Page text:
Catholic and Dominican Institute

The Philosophy of Nature and Contemporary Science

February 02, 2017 7:00 PM
Kaplan Family Library DC 218

On Thursday, February 2, Dr. Bill Carroll will present his lecture, “The Philosophy of Nature and Contemporary Science: Why Thomas Aquinas Remains Relevant.”

Is there any value for contemporary science in what Thomas Aquinas claims as principles for the philosophy of nature? The argument I will advance is that Thomas does offer crucial insights about the world the empirical sciences describe, especially concerning what natural substances are, how they differ from machines, as well as the distinctions between living and non-living entities. Thomas’ philosophy of nature does not replace the discoveries of the natural sciences, nor do these discoveries render obsolete this philosophy of nature.

This is a FYE College Connection event.

Dr. William Carroll

Dr. William E. Carroll is a Research Fellow in Theology and Science at Blackfriars Hall, Oxford and a member of the Faculty of Theology of the University of Oxford. His research and teaching concern the reception of Aristotelian science in mediaeval Islam, Judaism, and Christianity, and the development of the doctrine of creation, and the encounter between Galileo and the Inquisition. He has also written extensively on the ways in which mediaeval discussions of the relationship among the natural sciences, philosophy, and theology can be useful in contemporary questions arising from developments in biology and cosmology.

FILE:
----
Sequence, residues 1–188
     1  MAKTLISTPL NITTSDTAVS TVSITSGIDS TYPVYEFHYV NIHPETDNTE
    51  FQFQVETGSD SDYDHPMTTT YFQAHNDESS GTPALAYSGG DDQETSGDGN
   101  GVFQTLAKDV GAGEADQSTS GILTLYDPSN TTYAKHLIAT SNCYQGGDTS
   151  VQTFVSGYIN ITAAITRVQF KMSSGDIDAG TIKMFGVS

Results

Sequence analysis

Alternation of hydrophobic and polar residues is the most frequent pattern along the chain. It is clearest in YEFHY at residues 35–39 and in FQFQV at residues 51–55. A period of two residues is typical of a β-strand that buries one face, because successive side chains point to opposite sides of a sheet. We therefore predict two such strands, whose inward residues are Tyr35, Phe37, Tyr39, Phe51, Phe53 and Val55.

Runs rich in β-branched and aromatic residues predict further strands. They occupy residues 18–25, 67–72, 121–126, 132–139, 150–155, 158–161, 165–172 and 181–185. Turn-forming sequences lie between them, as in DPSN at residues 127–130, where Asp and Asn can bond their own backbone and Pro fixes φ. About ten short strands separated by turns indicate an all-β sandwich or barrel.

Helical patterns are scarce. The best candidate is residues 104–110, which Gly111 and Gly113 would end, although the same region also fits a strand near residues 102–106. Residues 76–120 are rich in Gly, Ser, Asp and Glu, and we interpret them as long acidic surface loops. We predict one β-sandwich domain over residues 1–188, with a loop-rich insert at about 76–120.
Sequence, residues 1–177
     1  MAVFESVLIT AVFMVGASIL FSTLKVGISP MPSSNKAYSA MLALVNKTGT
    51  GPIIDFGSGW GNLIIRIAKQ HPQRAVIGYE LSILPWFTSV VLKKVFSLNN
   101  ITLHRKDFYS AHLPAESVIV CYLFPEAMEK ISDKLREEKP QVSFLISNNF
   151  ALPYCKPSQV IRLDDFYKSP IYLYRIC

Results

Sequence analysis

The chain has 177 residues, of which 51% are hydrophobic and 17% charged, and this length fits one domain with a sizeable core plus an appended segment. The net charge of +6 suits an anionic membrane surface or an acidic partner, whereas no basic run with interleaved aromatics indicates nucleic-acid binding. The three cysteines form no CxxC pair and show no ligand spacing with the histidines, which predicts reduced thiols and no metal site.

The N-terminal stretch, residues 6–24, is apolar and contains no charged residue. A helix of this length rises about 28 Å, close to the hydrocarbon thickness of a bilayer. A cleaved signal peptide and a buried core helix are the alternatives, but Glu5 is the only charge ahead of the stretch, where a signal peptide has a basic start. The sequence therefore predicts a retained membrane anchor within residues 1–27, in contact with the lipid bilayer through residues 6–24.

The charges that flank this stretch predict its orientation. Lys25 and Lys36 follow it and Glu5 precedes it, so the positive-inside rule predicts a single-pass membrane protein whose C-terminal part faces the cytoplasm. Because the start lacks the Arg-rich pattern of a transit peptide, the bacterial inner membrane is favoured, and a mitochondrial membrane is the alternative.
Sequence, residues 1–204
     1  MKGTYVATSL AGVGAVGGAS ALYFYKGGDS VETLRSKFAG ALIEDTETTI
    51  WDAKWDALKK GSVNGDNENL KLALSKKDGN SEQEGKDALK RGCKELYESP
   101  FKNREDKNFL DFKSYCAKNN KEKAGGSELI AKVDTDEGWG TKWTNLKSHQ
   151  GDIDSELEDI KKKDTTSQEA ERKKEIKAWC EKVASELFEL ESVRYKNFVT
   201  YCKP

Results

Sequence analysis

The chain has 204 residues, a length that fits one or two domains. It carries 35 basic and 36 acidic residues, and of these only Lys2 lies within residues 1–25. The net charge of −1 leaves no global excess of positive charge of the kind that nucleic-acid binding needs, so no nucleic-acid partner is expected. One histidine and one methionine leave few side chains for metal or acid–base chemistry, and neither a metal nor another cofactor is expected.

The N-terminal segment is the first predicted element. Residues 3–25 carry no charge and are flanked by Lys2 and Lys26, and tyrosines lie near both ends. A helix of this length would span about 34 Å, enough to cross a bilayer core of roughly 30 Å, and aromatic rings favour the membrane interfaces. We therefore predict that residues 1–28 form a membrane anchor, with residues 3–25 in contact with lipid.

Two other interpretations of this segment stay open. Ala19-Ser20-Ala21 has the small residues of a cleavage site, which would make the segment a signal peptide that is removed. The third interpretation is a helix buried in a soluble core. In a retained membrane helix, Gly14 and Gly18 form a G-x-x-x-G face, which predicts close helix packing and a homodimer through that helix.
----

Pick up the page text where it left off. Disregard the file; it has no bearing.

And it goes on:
He has given plenary lectures at the Jubilee Session of the Pontifical Academy of Sciences (2000) and at the Vatican Observatory's Institute on Astrophysics (2002). In May 2007 he spoke at a symposium on the philosophy of cosmology held at the Royal Society in London. During the commemorations of the Darwin Year (2010), he was a plenary speaker at conferences at the Lateran University in Rome, the University of Notre Dame, and the University of Vienna. In October 2010 he spoke at a conference on creation jointly organized in Moscow by the Vatican and the Russian Orthodox Church. Later this month he will be speaking at an international conference on science and religion in Mexico City.

He is the author of Creation and Science (London, 2011); Galileo: Science and Faith (London, 2009); La Creación y las Ciencias Naturales: Actualidad de Santo Tomás de Aquino (Santiago, Chile, 2003), and co-author with Steven Baldner of Aquinas on Creation (Toronto, 1997).

He has a BA from the University of Notre Dame and an MA and PhD from the University of Michigan.

Dr. William Carroll